Applying for a personal loan is a complicated process as is, but if you're self-employed, be prepared for a few extra steps and much more paperwork.

Self-employed workers enjoy a number of benefits, like flexible hours and tax breaks; but whether you’re a freelance designer, a career coach, or even a stand-up comedian, there’s always a catch to being your own boss.

To qualify for a personal loan as a self-employed individual, you’ll have to go the extra mile to prove you’re capable of repaying the loan. Lenders will evaluate your income level and debts to assess how risky or reliable you would be as a borrower. In addition, you may write-off thousands in business expenses, leaving a much smaller total taxable income — which is the number your lender will care about a great deal.

However, just because the application process is a little more extensive for prospective self-employed borrowers does not mean it’s impossible — nor is it discouraged by lenders. Review the information below to make sure you’re ready to prove to lenders you’ve got what it takes.

How to get a personal loan when you’re self-employed

Qualifying for a personal loan is not impossible when you’re self-employed; it just requires a little extra work. Make sure you’re prepared to complete the following steps in the application process.

Prove your identity

To begin your application, you’ll need some means of verifying your identity and address, such as a driver’s license or U.S. passport.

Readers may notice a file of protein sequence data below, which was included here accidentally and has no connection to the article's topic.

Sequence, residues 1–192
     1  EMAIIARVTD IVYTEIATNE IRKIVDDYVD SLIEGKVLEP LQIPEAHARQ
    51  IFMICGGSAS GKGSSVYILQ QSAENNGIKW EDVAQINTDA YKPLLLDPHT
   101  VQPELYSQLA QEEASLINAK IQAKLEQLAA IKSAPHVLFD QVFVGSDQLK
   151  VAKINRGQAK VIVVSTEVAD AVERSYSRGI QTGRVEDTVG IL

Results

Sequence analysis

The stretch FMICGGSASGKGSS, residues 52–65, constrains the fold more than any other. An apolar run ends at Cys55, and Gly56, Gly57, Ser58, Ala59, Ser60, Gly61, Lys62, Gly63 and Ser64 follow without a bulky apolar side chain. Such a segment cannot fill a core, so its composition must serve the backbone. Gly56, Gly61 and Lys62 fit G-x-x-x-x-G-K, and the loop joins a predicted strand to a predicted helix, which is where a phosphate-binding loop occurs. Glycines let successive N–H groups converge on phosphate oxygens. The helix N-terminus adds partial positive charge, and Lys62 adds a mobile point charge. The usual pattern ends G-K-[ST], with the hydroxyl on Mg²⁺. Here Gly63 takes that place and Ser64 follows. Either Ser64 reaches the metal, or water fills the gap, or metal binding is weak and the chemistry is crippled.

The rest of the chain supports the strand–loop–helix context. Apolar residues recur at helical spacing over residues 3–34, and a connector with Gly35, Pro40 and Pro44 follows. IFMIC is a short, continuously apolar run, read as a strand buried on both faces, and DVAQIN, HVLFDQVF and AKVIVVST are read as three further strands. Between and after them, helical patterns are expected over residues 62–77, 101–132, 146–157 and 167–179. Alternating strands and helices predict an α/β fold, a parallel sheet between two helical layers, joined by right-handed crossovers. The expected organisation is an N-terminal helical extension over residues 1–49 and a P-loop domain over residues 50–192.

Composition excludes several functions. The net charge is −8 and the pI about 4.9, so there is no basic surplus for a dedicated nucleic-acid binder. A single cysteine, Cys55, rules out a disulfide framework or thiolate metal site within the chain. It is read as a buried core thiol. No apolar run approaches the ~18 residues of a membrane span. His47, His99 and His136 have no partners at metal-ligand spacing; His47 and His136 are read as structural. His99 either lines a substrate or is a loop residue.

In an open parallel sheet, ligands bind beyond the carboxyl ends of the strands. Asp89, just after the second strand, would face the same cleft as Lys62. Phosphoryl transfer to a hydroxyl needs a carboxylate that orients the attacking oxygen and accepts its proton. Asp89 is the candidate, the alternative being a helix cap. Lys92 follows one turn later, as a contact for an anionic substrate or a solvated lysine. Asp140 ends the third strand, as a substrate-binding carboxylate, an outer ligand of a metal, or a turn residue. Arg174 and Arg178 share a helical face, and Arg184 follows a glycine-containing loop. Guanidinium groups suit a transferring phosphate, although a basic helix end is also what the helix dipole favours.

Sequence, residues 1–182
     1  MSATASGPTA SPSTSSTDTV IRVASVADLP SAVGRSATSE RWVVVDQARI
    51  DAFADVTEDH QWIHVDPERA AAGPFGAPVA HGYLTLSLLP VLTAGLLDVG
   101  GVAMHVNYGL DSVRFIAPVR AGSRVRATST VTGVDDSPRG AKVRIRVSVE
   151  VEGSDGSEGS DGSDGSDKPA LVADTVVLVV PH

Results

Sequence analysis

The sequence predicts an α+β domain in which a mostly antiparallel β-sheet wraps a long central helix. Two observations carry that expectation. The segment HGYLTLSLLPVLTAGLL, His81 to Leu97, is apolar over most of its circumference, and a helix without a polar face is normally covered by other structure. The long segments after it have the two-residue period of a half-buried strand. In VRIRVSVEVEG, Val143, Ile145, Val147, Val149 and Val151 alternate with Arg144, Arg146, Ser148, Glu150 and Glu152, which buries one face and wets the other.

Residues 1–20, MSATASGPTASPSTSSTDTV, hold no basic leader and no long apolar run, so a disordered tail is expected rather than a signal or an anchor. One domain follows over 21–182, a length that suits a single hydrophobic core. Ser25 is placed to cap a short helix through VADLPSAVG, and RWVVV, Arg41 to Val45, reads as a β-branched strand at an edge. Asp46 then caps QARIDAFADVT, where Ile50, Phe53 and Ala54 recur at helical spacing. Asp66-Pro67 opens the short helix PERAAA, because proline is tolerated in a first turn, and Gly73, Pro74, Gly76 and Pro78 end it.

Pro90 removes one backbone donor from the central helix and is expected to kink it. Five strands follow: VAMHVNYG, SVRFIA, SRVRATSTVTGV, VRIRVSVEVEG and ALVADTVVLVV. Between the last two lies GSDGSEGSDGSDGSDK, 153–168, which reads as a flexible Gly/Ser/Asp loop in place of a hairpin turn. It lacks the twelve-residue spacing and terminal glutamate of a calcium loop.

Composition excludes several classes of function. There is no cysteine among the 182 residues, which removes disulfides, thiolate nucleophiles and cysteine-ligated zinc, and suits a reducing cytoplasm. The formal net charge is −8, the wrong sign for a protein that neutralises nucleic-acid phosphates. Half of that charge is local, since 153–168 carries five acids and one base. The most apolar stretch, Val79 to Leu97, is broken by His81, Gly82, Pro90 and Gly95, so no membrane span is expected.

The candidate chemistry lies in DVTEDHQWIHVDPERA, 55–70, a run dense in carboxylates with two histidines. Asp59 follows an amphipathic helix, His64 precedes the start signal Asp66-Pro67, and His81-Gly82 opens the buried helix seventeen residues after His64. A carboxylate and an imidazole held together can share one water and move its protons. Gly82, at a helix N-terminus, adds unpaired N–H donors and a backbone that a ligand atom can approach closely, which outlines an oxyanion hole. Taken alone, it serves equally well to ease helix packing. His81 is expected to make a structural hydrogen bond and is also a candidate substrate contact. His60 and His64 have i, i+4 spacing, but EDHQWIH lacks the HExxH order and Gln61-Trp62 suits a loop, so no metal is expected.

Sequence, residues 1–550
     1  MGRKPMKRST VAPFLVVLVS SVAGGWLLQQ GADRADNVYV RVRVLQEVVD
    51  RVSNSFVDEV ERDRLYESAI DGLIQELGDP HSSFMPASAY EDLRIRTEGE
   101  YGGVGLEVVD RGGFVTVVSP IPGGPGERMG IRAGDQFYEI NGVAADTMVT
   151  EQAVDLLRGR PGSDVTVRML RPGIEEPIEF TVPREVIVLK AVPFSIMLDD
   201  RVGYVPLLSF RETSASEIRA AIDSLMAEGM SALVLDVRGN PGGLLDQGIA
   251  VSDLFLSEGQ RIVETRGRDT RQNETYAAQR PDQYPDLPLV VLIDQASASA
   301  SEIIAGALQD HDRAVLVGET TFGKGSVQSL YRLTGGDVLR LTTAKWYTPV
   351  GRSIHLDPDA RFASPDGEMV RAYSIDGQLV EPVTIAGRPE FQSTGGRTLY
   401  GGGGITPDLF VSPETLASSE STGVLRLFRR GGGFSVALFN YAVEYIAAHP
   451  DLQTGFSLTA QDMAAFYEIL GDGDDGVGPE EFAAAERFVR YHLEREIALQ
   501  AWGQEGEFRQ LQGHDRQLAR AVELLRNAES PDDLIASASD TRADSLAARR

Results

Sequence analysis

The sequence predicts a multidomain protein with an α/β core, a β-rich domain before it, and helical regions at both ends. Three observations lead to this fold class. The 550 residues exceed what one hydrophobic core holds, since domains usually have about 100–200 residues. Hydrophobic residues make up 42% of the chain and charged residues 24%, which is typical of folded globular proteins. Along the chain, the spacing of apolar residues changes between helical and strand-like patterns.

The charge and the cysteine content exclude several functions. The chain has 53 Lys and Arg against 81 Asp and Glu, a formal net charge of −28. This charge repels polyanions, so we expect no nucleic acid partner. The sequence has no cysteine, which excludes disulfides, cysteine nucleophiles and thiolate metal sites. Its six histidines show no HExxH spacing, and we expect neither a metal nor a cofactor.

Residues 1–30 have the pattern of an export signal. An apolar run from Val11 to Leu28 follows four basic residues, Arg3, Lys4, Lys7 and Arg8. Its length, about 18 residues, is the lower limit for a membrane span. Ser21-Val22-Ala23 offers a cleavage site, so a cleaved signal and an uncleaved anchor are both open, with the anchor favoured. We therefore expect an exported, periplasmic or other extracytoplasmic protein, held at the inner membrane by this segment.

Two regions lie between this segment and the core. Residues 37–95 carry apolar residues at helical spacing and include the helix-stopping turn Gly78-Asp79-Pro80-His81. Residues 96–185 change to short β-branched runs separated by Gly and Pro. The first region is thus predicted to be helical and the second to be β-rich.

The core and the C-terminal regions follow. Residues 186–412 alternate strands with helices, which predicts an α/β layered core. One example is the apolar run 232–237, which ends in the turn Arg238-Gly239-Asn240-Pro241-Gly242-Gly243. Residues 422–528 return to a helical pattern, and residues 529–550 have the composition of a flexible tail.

Verify your income

If you were a full-time employee, you’d typically provide W2s from the last two years to verify your income, but most self-employed individuals don’t receive W2s for their work. Instead, come prepared with some other documentation — such as 1099s, income tax returns, a Schedule C or Schedule SE, and bank statements. You should also collect several years’ worth of forms, as many lenders request more than two years of documents for self-employed applicants.

Demonstrate a strong credit history

Credit is one of the most compelling indicators of financial competency; consequently, it’s a number that matters greatly to lenders.

If your score is greater than 800, you’re in the clear. If it’s below 580, you’ll have some work to do. The range between these slides from fair (580-669) to good (670-739) and even very good (740-799), and where you fall on this spectrum will not only help lenders determine whether or not to give you a loan, it can also influence the interest rate and total loan amount they offer.

Fortunately, there are ways to rebuild your poor credit score or even begin building a strong score from scratch.

How to increase your eligibility for a personal loan when you’re self-employed

How To Apply For A Personal Loan If You're Self-Employed - How to increase your eligibility for a personal loan when you're self-employed

Fortunately, your income and credit history aren’t the only details lenders use to determine your eligibility for a personal loan. Read on for tips to make your application a little more attractive to providers.

Maintain plenty of savings

Some lenders may search for a healthy savings or emergency fund from self-employed applicants. If the borrower is unable to obtain sufficient earnings some months to cover their bills, their savings can serve as a backup plan.

Keep your debts small

A low debt-to-income ratio can also offset some of the risk lenders take on by loaning to self-employed individuals. With fewer bills to pay, lenders won’t have to compete for a borrower’s cash, especially during seasons of less work.

Display consistency in your career

Another detail lenders like in applications from self-employed individuals is a relatively stable career path, generally for two years at the minimum. If you just transitioned to freelance a year ago or you’ve dabbled in writing, photography, and graphic design, lenders may see your “bold career move” or “versatile background” as a red flag.

Consider a cosigner